I have already talked about how the sociopolitical situations in 2020 (and part of the 2010s for that matter), have helped to provide inspiration for new pieces. In this post, I concentrate on what composers and performers can or should do to stay active in their field despite restrictions. The first, and perhaps most important, obstacle to overcome is learning to work remotely in a virtual setting. This means collaborating and communicating with performers or music commissioners from home via social networking technology, video conferencing, and e-mail. Rehearsals and performances are restricted to remote locations, which has enabled composers and performers to (re)consider and adapt to performance spaces. It also (theoretically) eliminates the possibility of physical travel because the composer is now able to work with performers from other states, cities, or countries without having to leave home. Working virtually on a music project also reinforces the importance of Internet etiquette when it comes to collaboration and commission opportunities. Those wanting more details about that specific topic should check out my post from July 2018.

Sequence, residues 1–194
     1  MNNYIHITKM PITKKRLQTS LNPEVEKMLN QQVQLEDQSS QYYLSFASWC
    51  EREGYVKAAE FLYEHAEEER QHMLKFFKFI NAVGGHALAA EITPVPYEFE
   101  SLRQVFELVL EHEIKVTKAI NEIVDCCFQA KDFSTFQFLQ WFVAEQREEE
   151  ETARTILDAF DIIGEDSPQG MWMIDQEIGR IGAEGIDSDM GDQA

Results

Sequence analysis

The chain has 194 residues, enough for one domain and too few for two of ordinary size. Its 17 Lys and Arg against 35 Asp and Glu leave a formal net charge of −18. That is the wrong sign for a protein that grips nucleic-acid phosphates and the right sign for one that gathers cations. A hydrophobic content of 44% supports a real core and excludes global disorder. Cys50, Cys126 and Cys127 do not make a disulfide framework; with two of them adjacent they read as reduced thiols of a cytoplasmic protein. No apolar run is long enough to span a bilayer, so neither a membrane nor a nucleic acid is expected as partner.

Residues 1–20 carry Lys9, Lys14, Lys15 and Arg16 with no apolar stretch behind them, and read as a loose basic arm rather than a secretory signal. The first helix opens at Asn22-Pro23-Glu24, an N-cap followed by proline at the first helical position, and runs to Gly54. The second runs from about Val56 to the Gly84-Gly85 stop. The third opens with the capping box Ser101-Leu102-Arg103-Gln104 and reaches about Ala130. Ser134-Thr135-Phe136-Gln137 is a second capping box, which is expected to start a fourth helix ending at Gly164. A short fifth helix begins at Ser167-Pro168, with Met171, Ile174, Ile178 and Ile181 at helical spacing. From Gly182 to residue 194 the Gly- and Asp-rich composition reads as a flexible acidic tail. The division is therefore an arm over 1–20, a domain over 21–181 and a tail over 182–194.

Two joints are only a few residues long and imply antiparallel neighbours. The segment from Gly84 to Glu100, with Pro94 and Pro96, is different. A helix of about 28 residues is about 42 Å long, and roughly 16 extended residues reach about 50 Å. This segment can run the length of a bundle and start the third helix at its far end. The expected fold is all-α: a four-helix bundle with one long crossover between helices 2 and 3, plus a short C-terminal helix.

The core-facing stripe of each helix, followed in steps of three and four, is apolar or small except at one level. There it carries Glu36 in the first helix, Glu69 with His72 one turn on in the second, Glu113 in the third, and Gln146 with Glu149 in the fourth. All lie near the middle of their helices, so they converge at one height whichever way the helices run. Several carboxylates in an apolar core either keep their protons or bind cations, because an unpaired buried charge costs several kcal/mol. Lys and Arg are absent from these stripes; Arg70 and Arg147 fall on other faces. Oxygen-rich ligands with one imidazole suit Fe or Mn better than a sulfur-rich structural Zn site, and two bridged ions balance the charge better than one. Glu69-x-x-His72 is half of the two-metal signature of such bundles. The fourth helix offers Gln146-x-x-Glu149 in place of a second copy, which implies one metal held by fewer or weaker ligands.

I have also witnessed virtual music performances in 2020 where certain musicians or ensembles have had to play under extreme conditions, I refer to performing music in public while wearing masks and applying Social Distancing protocols out of health concerns and safety precautions to prevent the spread of COVID-19. Of course, not all musicians agree with these regulations, openly expressing personal frustration. Still, this opposition in the music world represents but a small percentage of people. The few performance spaces that have reopened in the midst of the virus still implement safety procedures (like temperature checks and hand sanitizing stations) to keep both performers and audiences safe. Working under these conditions, while practicable, can still prove to be a risky decision. From my perspective as a composer, I find that it is best to work and collaborate from home and usually try to avoid face to face interactions unless it is required.